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For a while, industry experts have been more than a little concerned because they believe younger generations are less interested in purchasing new vehicles. I hate to say it, but maybe they are a bit out of touch with the current state of the economy. Maybe folks have just realized they shouldn’t be purchasing a brand-spanking-new vehicle unless they can afford it.
As it would turn out, Generation Y are purchasing a whole lot more vehicles than older Gen X’ers.
What Is Generation Y?
According to a report from J.D. Power and Associates, Millenials that were born between 1977 and 1994 bought about 26 percent of the new vehicles purchased this year. In case you weren’t aware, that portion of the Millenials is considered Generation Y. Generation X folks, who were born between 1965 and 1976, only make up about 24 percent of the yearly auto sales.
Thomas King, vice president of the Power Information Network, those responsible for collecting the report data, pretty much says this is because the Gen Y folks are growing up. “As Gen Y consumers enter new life stages, earn higher incomes and grow their families, their ability and desire to acquire new vehicles is increasing.”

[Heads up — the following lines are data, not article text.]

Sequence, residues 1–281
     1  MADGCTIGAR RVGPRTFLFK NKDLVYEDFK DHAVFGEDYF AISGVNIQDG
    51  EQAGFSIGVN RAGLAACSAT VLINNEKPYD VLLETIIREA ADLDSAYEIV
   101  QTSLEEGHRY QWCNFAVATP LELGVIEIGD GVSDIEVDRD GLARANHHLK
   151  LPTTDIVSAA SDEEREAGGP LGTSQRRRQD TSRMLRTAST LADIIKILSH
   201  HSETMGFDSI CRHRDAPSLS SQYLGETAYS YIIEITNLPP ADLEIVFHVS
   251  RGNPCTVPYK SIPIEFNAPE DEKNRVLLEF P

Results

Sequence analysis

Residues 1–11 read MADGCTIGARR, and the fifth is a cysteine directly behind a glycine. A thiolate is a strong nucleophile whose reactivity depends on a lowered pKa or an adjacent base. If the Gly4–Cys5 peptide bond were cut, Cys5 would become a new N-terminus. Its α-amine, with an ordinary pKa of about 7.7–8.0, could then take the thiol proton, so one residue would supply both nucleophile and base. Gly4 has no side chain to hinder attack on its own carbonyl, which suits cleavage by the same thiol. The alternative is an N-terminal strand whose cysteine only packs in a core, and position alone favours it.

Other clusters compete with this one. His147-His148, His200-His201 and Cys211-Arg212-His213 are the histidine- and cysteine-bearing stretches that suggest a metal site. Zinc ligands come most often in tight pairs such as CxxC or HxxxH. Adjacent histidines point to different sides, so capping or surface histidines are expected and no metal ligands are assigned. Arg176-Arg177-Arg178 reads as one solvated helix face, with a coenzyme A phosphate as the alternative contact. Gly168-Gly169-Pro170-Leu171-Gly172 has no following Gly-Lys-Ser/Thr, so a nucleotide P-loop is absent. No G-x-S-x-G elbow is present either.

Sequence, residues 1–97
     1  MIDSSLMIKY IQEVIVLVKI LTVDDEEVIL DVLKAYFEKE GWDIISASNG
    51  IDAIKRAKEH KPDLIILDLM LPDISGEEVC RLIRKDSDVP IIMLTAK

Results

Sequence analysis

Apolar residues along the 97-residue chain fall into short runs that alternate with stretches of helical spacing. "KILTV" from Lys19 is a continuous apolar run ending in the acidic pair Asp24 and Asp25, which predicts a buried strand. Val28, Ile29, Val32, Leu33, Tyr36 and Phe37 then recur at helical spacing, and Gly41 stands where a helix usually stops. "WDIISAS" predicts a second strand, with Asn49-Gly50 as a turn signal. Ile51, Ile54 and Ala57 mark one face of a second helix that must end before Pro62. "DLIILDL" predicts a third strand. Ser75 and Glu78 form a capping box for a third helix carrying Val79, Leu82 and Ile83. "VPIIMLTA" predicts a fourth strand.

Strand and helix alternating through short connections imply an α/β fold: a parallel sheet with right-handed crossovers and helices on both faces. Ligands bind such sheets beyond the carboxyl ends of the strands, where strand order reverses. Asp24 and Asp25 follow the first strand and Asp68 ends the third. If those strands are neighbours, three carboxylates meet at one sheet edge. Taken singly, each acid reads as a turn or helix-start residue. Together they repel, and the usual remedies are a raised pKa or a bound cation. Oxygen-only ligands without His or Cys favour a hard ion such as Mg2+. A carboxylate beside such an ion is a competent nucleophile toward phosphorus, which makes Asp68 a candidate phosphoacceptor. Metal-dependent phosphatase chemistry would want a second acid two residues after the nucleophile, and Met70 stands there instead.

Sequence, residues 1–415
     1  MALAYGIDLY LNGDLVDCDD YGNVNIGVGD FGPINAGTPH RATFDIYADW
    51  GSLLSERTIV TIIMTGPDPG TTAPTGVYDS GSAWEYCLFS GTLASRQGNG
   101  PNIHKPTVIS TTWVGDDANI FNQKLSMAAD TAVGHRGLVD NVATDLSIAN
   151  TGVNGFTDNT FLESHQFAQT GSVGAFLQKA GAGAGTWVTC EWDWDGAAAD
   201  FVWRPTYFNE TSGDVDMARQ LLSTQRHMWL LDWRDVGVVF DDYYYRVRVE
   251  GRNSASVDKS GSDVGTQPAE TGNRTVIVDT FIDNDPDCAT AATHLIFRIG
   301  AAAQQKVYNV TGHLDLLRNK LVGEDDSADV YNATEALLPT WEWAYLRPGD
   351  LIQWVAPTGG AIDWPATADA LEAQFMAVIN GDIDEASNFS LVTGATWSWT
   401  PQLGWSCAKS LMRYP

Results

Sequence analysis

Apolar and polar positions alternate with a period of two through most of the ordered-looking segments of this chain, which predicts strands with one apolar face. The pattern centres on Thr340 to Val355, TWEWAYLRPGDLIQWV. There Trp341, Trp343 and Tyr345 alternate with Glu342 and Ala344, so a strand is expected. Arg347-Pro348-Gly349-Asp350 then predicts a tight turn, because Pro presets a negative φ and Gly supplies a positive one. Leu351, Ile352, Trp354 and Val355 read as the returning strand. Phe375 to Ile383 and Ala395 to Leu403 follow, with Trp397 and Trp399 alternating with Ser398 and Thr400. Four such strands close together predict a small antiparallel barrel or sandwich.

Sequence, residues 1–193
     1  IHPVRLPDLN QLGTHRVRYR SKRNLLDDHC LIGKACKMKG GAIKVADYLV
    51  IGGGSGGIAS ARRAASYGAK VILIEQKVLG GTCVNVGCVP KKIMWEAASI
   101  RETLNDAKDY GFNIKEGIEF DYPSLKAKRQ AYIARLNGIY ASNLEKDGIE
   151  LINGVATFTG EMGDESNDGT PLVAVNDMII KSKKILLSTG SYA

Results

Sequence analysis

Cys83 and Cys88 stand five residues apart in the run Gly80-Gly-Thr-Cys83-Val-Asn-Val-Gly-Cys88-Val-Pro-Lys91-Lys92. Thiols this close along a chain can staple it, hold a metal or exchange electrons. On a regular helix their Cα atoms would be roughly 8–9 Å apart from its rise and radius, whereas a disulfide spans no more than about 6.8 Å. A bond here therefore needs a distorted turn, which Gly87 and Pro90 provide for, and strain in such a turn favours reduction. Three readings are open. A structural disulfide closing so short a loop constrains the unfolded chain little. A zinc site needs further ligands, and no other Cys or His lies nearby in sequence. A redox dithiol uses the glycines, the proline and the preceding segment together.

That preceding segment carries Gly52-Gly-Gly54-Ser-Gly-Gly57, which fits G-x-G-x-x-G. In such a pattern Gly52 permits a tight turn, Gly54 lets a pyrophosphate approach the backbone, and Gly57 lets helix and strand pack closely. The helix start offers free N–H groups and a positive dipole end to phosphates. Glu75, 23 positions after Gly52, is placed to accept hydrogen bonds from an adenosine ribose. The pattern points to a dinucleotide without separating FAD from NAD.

While at first glance it may seem like King is onto something, the entire concept seems pretty straightforward to me. These are probably things one can glean without looking at the entirety of sales data for the year.
Why Is This Happening?
Generation Y isn’t just buying worn-out used cars. The more money they get, the more they branch out into sports cars, fancy SUVs, and even party buses like these. Custom car sales like those are on the rise as well.
Of course, neither one of those generations come close to beating out the Baby Boomers. According to the J.D. Power report, the Boomers account for 38 percent of new cars and trucks sold during just the first half of this year. In other words, the Boomers are snatching up new vehicles more than any other generation.
J.D. Power seems to believe that both younger generations, X and Y, will pick up the pace and purchase more vehicles throughout the rest of the year. It looks like we’ll find out when they release another report at the beginning of 2015.
Power also claims that Generation Y buyers seem to prefer compact autos like the Honda Fit, while Gen Xers gravitate more towards small SUVs like the Buick Encore. Could this be because they are smart enough to realize those vehicles are more wallet-friendly when it comes to mileage and gas expenses? Absolutely not, no consumers are smart enough to do something like that, right?
What we really want to know is why Generation Z was completely omitted. I guess the youngest generation didn’t buy many vehicles this year. Probably because they’re too busy focusing on school? I might have to see a bit more sales data to understand that one.